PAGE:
Police Respond To Accountability By Threatening A Slowdown
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Yesterday seemed by all accounts a good day for police accountability. Scholars recently revealed that police violence is a leading cause of death for Black men, but it looks like the near-impunity that cops enjoy is shrinking, a little. Yesterday, California Governor Gavin Newsom signed a bill prompted by killings of unarmed Black men that says police are allowed to kill civilians only as a “necessary” response to a threat—not merely an “objectively reasonable” response. Also yesterday, NYPD Commissioner James O’Neill fired the officer who killed Eric Garner in 2014 by putting him in a chokehold. These seem like steps in the right direction, and they are. Indeed, when signing the California bill, Newsom said, somewhat aspirationally, “As California goes, so goes the rest of the United States of America. And we are doing something today that stretches the boundaries of possibility and sends a message to people all across this country, that they can do more.”
But a message might be the greatest impact these actions have, and it’s unclear how strong the messages are anyway. “The whole debate boils down to two words: ‘necessary’ and ‘reasonable,’” Ben Adler of Capital Public Radio reports. “Right now, deadly force is justified if a reasonable officer would have acted similarly in that situation. So in other words, what a typical officer would have done based on his or her training. When the law takes effect in January, that standard will change to when the officer reasonably believes deadly force is necessary.” Adler also noted that the law does not provide a specific and complete definition of “necessary,” which will leave interpretation up to the courts. “The deleted language said officers could open fire when there is ‘no reasonable alternative,’” reports Don Thompson for the Associated Press.
“The amended measure also makes clear that officers are not required to retreat or back down in the face of a suspect’s resistance and officers don’t lose their right to self-defense if they use ‘objectively reasonable force,’” Thompson writes. “Amendments also strip out a specific requirement that officers try to de-escalate confrontations before using deadly force,” according to Peter Bibring, police practices director for the ACLU of California, which proposed the bill and negotiated the changes. “The courts can still consider whether officers needlessly escalated a situation or failed to use de-escalation tactics that could have avoided a shooting,” he said. Even in its current form, the ACLU considers the law to have the strongest language of any in the U.S.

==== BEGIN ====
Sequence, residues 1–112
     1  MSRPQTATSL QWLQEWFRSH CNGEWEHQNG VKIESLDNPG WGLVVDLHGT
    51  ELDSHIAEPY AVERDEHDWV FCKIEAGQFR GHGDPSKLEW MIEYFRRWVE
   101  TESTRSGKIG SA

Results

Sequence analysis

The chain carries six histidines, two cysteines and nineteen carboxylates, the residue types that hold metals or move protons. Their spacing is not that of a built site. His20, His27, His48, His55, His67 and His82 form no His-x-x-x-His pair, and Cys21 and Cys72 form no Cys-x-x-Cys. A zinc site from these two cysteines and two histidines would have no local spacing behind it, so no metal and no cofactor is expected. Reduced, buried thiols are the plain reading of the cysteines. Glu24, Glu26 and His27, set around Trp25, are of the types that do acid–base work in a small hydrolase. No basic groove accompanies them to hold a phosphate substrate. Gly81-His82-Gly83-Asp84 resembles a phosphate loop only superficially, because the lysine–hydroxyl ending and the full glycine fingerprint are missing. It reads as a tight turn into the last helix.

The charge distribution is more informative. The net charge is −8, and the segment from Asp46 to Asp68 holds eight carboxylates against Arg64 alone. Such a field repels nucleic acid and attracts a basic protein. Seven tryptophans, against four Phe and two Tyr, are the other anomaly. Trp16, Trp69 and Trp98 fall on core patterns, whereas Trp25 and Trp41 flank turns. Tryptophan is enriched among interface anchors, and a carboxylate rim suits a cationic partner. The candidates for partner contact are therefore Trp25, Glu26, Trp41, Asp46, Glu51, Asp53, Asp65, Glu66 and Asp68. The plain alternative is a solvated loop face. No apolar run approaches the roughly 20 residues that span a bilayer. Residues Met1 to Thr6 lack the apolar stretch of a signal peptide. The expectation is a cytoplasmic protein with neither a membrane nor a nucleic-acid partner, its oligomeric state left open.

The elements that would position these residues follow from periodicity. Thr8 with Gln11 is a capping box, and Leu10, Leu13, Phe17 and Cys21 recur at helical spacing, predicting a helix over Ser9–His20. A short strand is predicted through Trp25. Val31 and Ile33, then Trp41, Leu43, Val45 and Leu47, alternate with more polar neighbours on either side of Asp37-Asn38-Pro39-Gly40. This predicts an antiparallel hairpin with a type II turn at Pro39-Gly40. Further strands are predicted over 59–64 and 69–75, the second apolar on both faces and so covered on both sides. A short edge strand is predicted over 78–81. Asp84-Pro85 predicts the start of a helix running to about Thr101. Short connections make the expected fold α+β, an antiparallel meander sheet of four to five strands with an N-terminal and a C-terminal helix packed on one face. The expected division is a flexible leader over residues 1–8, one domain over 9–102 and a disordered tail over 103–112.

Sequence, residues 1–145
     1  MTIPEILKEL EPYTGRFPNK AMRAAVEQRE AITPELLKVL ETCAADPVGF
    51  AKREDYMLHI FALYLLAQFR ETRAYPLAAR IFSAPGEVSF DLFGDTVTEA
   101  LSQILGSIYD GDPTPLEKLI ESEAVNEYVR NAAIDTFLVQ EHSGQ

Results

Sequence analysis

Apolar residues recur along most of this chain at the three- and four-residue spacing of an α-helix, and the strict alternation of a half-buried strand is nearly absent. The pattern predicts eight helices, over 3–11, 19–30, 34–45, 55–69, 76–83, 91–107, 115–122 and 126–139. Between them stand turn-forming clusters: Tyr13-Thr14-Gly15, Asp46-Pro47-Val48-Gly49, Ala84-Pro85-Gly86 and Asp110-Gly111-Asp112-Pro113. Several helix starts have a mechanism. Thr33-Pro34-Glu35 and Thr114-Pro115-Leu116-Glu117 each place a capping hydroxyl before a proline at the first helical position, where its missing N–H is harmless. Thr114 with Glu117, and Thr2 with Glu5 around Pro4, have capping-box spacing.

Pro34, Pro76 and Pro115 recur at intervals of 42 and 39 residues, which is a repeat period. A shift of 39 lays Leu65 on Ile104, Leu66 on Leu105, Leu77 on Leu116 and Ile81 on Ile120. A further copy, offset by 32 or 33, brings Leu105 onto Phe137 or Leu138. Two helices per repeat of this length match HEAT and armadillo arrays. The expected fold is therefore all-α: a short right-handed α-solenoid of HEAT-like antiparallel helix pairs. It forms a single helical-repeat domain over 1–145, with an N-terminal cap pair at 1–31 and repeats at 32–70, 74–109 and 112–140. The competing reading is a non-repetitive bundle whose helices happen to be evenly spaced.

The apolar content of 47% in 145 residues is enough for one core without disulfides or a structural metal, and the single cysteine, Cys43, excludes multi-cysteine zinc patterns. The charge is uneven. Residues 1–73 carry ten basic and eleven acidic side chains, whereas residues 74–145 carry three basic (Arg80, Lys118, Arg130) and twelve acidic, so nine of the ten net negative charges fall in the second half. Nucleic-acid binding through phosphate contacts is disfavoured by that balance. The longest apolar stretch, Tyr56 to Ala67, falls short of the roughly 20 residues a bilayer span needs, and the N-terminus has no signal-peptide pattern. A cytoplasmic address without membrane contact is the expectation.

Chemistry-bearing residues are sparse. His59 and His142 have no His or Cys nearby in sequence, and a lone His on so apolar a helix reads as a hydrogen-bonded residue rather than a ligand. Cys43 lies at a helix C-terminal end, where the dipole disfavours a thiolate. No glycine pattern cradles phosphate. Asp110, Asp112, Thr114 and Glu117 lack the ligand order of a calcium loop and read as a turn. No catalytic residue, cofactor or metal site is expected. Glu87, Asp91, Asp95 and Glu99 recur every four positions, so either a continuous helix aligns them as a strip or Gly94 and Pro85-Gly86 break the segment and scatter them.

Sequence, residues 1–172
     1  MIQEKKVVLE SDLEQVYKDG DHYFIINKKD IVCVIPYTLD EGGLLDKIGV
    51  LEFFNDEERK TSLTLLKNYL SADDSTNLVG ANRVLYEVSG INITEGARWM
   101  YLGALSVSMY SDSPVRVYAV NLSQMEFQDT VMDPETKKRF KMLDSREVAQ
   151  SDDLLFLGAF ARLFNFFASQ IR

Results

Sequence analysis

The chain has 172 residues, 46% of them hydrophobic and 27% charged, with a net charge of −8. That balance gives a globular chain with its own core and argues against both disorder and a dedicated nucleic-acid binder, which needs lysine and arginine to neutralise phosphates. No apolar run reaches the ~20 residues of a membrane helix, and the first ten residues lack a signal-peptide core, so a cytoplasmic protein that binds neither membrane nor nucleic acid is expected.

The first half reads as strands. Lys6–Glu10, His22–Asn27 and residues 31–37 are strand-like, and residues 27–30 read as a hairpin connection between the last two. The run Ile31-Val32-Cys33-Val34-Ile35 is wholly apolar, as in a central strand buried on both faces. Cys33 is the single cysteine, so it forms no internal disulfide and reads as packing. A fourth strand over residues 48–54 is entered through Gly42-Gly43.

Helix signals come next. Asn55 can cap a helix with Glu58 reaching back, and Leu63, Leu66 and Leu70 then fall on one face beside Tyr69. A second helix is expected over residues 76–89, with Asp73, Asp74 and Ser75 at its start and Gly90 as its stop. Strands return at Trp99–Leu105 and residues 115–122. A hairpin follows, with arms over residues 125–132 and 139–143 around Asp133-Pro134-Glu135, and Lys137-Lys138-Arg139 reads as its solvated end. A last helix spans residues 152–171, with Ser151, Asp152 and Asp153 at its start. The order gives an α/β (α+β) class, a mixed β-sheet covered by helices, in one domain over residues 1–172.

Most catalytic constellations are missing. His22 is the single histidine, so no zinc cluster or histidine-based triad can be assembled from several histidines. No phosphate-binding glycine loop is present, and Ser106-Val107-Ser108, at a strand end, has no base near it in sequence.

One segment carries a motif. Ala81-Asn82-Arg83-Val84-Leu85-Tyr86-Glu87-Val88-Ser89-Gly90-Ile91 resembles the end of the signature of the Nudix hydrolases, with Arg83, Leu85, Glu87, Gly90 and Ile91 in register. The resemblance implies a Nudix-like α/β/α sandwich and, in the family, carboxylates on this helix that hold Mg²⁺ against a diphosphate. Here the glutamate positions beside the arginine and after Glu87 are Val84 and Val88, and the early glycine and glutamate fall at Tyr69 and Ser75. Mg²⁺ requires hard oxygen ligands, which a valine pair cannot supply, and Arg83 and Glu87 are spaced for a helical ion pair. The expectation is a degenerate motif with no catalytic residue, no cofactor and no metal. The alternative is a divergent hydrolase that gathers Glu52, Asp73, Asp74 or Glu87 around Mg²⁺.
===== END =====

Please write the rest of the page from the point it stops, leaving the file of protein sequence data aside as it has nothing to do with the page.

Others disagree. “This is so watered down,” said Ed Obayashi, a use-of-force consultant to law enforcement agencies and a Plumas County, California, deputy sheriff. “The language is virtually legally synonymous with current constitutional standards for use of force. It really is a distinction without a legal difference.”
And law enforcement’s response, too, has been mixed. “There is hardly a dangerous encounter imaginable in which there wouldn’t be some conceivable way the officer may have been able to avoid using deadly force, including avoiding the confrontation entirely,” the president of the Law Enforcement Legal Defense Fund wrote in an opinion piece in the San Francisco Chronicle. “Unfortunately, that is what the likely result will be in California. Officers will tend to avoid circumstances in which deadly force is a possibility. They will very rationally act to protect their lives and careers—simply by avoiding dangerous encounters.”
This is basically a toned-down version of the sentiment expressed by the New York City’s largest police union to Daniel Pantaleo’s firing. In front of an upside down NYPD flag, to signify that the department was “in distress,” Police Benevolent Association president Pat Lynch said, “We are urging all New York City police officers to proceed with the utmost caution in this new reality, in which they may be deemed ‘reckless’ just for doing their job. We will uphold our oath, but we cannot and will not do so by needlessly jeopardizing our careers or our personal safety.”
If police are going to arm themselves to the teeth with military equipment unknown to most world armies, and throw a fit when asked to comply with minimal standards when dealing with unarmed civilians, and then refuse to work if it means taking any career or personal risks, it seems like they should lose the right to remind the public at every opportunity that they have such dangerous jobs.
But the union response isn’t all too surprising given that the police commissioner himself went out of his way to say that he identified and sympathized most not with the unarmed man who was killed, but rather with his killer. The “us vs. them” mentality couldn’t have been clearer, and couldn’t have more effectively undermined the idea that a few bad apples are responsible for all of the problems in law enforcement. “I served for nearly 34 years as a uniformed New York City cop before becoming police commissioner,” O’Neill said. “I can tell you that, had I been in Officer Pantaleo’s situation, I may have made similar mistakes.” He added, “Every member of law enforcement in this country that works and keeps this country safe and this city safe looked at that and said, ‘That could possibly be me.’”